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Heidi Hart

By day, I'm a domestic violence prosecutor. By night, I read romance to restore my faith in love, relationships, and humanity in general. 

Progress 38%: Tell the Truth Already!

Hold on Tight - Serena Bell

I am very frustrated by one aspect of this otherwise so-far very compelling, well-written book: Hero and Heroine are big fat lying liar pants! They had a brief fling 8 years ago while hero was on leave from the military, which of course resulted in an unplanned pregnancy. Heroine tried to find him to tell him about the pregnancy, but there's a bazillion Jake Taylors in the world, and she couldn't track him down. Fast forward to present day, and Jake (having served in Afghanistan and lost his leg in an IED attack) comes into the same physical therapy clinic where the Inadvertantly-Secret-Baby is getting PT after falling out of a tree.


Heroine recognizes Jake, practically chokes on her tongue, makes a big speech about how she's got to be honest with him and surprise, you're a daddy! See that little boy on the other side of the glass? He's your kid! Act casual!


But never, not in this initial conversation, nor over the course of the next several weeks, during which Jake and kid meet several times and have several excruciatingly awkward conversations about kid's MIA dad, and Jake and Mira have several excruciatingly awkward conversations about these awkward conversations -- NEVER DO THEY TELL THE KID THE TRUTH. Why? In fact, they both outright lie to him, over and over again, telling him that his dad was just a sperm donor.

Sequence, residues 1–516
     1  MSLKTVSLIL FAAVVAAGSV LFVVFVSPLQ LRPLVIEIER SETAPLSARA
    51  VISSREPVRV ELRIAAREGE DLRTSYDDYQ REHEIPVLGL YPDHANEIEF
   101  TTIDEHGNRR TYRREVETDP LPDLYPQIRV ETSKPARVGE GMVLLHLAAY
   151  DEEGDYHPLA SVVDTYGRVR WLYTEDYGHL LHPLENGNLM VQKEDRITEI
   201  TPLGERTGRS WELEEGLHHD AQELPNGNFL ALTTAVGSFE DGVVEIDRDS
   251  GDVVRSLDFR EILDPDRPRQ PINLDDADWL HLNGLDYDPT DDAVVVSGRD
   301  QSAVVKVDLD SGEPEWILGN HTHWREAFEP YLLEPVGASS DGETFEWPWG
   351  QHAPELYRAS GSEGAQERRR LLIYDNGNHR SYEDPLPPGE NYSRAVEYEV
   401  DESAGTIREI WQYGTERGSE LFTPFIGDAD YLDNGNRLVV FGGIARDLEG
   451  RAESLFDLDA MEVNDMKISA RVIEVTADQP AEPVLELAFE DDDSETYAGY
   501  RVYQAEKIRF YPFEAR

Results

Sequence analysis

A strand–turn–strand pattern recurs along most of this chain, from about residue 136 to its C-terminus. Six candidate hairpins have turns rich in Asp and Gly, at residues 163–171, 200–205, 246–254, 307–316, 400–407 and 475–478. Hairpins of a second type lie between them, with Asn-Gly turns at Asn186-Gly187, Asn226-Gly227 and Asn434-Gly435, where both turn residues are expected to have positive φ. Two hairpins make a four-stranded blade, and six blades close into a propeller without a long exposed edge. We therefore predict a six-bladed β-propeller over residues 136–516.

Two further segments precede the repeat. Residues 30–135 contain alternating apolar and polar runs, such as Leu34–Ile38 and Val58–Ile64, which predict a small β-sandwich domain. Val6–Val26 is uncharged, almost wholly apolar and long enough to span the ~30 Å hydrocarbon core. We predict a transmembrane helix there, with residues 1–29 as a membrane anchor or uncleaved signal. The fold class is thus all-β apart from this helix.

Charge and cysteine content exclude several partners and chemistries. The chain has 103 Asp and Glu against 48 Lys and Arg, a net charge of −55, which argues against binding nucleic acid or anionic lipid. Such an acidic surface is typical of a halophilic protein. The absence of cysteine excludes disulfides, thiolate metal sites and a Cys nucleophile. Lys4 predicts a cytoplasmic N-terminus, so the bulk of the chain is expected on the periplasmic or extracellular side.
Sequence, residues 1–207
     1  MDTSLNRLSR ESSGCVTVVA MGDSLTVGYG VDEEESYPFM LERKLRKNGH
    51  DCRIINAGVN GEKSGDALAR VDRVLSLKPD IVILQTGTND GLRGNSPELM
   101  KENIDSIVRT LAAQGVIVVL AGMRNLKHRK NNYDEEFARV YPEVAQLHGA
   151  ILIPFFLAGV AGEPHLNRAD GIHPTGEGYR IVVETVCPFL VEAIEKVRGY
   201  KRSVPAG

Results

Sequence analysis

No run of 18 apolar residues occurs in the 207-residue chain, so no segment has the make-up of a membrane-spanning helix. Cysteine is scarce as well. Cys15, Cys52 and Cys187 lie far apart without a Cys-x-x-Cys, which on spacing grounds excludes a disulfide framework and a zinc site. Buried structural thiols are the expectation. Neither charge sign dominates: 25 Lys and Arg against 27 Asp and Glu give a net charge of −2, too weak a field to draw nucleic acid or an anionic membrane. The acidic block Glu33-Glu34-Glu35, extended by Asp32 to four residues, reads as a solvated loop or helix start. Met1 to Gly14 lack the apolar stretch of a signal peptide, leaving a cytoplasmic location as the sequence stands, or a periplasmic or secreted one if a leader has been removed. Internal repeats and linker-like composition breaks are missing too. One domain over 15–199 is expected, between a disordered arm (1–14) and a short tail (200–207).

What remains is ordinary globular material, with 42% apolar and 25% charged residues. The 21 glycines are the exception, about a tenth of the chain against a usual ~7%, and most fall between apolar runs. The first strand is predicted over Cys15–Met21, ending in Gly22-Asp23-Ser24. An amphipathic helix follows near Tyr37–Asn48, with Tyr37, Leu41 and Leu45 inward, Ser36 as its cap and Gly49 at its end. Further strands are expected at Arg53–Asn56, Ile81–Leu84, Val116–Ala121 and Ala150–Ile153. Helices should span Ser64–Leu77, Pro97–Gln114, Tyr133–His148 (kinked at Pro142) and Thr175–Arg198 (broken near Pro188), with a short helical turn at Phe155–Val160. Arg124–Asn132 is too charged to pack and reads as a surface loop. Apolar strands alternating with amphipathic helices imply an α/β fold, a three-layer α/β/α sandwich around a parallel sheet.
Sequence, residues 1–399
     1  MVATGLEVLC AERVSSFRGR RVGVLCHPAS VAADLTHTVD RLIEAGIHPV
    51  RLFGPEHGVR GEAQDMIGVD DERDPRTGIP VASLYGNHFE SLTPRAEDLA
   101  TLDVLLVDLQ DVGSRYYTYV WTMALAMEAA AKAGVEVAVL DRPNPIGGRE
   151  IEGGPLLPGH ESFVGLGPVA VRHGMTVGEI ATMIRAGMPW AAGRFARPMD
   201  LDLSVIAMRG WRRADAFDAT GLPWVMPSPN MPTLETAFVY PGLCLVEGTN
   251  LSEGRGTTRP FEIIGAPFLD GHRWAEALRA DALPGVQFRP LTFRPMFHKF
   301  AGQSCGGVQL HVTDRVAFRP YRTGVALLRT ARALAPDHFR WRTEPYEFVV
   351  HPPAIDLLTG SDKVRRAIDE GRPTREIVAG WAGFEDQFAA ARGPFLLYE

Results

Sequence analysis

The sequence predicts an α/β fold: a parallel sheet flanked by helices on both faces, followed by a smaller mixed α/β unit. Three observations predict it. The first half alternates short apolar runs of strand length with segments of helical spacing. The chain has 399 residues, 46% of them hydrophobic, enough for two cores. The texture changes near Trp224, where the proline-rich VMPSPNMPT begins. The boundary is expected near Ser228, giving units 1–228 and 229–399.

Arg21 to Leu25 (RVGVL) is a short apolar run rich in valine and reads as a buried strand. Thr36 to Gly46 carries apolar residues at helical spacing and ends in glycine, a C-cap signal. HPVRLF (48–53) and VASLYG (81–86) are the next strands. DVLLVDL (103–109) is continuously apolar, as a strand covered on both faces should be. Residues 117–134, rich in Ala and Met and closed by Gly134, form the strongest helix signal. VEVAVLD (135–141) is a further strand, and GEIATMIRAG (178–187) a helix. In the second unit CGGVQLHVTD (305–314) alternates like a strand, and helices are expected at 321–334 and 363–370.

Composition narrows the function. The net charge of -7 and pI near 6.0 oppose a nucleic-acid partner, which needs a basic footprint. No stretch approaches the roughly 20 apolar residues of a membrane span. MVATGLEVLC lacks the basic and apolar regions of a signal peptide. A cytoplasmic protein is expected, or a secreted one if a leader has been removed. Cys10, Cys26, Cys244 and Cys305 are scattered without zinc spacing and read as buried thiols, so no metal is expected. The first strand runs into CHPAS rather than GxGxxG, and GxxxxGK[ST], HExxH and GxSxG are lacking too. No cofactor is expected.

This is making me crazy. I have two boys, 2 and 5, who actually do have a sperm donor dad, and they know the truth about their origins and have since they developed the ability to ask questions and listen to age-appropriate explanations. Jake and Mira's kid is 7, by far more able than my boys to process and understand, and yet THEY'RE SCREWING IT UP!


In many other respects, I am enjoying this book a lot, but I'm so pissed off about this issue, I'm not sure I'll be able to keep going.

Formulaic, but it's a tried-and-true formula

Second Chance Summer - Jill Shalvis

This book kicks off a new series, but it sticks tight to Jill Shalvis' typical formula: funny and snappy dialogue, an appealing cast of characters in a charming small town (many of whom are sequel bait), a dash of pathos, stir in some sexy times, and viola! "Second Chance Summer" offers a gender-flip of Shalvis' usual commitment-phobic, alpha male trope. Here, it's the heroine, Lily, who doesn't want to risk losing her heart to anyone. Ten years ago, she lost her sister and her dad, and that's more than enough grief. Meanwhile, Aidan is ready to settle down, and he'd love nothing better than to get a second chance with the girl who got away.